I live in a part of the UK with very mild winters. Please take this into account before thinking "if he is sowing those now...."

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                  • #10
                    I have a bosch battery strimmer (chosen as I have other bosch battery tools). It has a blade.
                    any blade wears down too, so it isn't plastic free, and the blades are not as easy to get as they should be.

                    it is like a garden strimmer and is good for keeping stuff tidy, but is very slow for heavily-overgrown areas.

                    Someone else at the plot has a Stihl one that looks more like a brush-cutter (long rod-shaped body, bigger cutter, batteries as counter-balance at the end behind the operative). Looks like something you'd want either as a shared item or if you had a large area to cut

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                    • #11
                      As an alternative, would you consider a scythe? Weighs next to nothing, quiet, doesn't need recharging (though you do have to sharpen the blade regularly), no need to worry about replacement batteries, long-lasting blade. I bought a wooden-handled one with a short blade for weeds rather than grass. Does the job for me.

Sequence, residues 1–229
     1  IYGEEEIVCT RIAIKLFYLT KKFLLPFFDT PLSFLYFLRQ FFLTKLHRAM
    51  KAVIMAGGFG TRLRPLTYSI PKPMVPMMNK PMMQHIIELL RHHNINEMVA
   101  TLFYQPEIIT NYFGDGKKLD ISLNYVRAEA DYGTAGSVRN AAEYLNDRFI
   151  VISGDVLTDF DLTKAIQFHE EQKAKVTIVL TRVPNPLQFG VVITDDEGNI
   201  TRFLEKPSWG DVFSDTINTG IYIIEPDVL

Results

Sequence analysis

Location: north-east Spain, where the sun is too hot, the rain too torrential, the hail too big, the wind too windy and the snow too deep. Last frost: usually mid-April, sometimes first week in May. First frost: mid-October.

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                      • #12
                        Over the years I've had all kinds of brushcutters/strimmers. I am now quite old (and female with osteoporosis). I cannot cope with the heavy petrol strimmers partly because of the weight but also to make matters worse I am left handed and they are so awkward to start and use.
                        Last year, during lockdown I decided we needed a strimmer. After reading reviews I bought a battery McAllister (about £60). I have used it for over a year now and it surpasses expectations. I can lift it with one finger!!!
                        Last edited by greenishfing; 17-06-2021, 07:01 PM.